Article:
With Windows 10, Microsoft continues it’s edition of Windows that sheds all of its Win32/16 baggage from 1985 on. In fact, on November 20th of this year was the 30th birthday of the original Windows. Wayne Williams wrote an interesting piece about Windows’ beginnings here.
We first saw a glimpse of what Windows IoT would be with WindowsRT. I still have one of the first Surface tablets that ran WindowsRT, and the big difference was that while it was Windows, it didn’t have anything that required a Win32 API – or at least the ones that couldn’t be recompiled for ARM processors. Windows IoT continues with that and only includes newer APIs that don’t have the historical baggage tying it to the Intel x86 family of processor architectures.
I decided to give Windows IoT a try. I didn’t set out with this explicit goal in mind, but I had been teaching my son and oldest daughter to program, and they also enjoyed Snap Circuits electronics kits. My guess is that while I entered computer programming and the Internet age in 1995 at the right time, their generation will be at the front of the robotics age. Not interesting robots, but the Internet of Things robots – small computers that have sensors and motors and do something interesting to enable a very interesting and useful business system for one of our clients at Clear Measure. This will combine programming skills, physics, math, and probably some chemistry. Perhaps a mix of electrical engineer, mechanical engineer, and software engineer will be in demand. Either way, it’s also fun to do these things with my kids. So I researched a programmable mini-computer that could connect to things and make things do things, and a stumbled across what I’d been researching for work as well – Windows IoT Core.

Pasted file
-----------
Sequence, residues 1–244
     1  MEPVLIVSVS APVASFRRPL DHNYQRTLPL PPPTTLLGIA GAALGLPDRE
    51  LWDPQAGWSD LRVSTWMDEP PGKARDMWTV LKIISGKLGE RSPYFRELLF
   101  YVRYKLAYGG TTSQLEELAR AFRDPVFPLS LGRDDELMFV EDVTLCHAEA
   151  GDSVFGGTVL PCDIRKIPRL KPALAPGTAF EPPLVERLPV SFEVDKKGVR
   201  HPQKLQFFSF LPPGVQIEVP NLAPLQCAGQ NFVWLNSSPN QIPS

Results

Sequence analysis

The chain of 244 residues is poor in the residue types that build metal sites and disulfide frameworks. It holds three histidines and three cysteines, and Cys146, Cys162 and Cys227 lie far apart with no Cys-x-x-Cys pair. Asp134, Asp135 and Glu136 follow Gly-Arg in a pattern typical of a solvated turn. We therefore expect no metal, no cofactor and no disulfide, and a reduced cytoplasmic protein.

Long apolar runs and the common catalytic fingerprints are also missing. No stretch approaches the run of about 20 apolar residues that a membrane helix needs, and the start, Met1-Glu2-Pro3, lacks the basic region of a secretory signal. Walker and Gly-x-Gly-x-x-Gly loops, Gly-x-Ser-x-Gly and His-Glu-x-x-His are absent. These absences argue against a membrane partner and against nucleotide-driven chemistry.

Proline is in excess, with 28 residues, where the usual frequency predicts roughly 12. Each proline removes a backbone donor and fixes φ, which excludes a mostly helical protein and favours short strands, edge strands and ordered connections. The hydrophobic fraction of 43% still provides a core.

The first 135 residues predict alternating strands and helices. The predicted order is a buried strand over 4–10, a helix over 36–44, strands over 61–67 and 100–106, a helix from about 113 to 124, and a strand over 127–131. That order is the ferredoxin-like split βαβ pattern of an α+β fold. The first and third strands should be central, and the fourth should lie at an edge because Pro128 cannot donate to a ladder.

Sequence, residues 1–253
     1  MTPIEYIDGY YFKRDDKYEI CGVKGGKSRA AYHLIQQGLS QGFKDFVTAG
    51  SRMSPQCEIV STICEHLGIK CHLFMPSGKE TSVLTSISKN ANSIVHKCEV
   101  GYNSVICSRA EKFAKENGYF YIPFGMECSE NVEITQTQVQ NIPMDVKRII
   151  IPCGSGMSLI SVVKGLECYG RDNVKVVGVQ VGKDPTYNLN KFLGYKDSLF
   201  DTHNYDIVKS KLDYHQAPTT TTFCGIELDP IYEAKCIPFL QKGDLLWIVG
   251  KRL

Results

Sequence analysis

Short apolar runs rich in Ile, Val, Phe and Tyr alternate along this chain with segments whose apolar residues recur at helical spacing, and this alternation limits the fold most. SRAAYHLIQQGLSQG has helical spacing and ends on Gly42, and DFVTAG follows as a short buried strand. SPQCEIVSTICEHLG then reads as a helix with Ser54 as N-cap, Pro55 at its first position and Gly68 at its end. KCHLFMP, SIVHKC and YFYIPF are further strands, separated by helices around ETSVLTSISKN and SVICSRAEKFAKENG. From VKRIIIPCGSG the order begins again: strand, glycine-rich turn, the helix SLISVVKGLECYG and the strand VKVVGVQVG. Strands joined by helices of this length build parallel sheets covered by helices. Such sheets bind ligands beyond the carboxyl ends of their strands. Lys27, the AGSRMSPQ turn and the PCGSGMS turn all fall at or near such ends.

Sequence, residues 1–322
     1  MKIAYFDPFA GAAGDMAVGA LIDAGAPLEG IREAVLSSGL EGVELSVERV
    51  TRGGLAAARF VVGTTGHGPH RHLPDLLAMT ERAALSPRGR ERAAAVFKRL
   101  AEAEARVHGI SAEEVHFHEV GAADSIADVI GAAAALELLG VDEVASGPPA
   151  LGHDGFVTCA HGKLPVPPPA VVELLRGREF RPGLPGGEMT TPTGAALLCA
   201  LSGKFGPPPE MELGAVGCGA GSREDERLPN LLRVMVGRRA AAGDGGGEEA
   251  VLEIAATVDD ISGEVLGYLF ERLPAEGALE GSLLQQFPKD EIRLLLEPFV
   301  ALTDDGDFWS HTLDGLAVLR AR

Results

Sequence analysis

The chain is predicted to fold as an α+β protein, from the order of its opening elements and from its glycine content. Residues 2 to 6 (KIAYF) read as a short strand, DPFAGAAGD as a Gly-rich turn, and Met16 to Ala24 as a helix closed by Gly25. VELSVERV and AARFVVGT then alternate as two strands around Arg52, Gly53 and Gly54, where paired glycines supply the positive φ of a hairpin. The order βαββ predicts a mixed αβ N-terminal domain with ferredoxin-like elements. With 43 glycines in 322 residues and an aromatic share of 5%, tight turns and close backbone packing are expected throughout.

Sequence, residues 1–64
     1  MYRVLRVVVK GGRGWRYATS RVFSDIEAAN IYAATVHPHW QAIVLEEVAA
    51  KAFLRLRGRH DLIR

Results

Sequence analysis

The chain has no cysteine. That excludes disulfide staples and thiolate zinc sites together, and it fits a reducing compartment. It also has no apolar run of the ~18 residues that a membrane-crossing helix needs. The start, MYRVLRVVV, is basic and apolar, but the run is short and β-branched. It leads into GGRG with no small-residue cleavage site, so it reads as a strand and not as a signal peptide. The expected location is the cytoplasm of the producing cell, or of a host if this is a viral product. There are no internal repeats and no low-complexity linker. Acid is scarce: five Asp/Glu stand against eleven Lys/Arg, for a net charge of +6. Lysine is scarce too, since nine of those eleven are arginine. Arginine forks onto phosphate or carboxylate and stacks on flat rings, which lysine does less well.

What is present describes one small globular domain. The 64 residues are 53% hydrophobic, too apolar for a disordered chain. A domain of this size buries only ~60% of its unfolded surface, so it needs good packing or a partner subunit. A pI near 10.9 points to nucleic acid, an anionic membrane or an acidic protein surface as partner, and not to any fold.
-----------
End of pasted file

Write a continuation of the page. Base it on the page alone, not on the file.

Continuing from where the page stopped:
On WindowsOnDevices.com, we see several supported choices for the Windows IoT edition. I chose the Raspberry Pi because I’d researched it before, and it’s probably the most popular – at least it appears that way. I also just read about the Raspberry Pi Zero, that costs $5.00 and is super small.
I ordered this AdaFruit Windows IoT Raspberry Pi kit from Amazon, and it came in today. After bribing my daughter to do some chores, we set out together to put it together and see what it could do. After the obligatory Blinky sample (blinking LED), we set out to do something more interesting, and we found the BrightOrNot sample. This combined the photocell sensor with a microcontroller, two potentiometers (voltage dials), and the Windows speed synthesizer, which I was surprised was included in Windows IoT Core (an API that can make the computer talk!). We put it together, wrote the necessary C# code, deployed from Visual Studio to the Raspberry Pi over the Wi-Fi network and ran it. Worked like a charm. I’ve recorded a video showing it in action.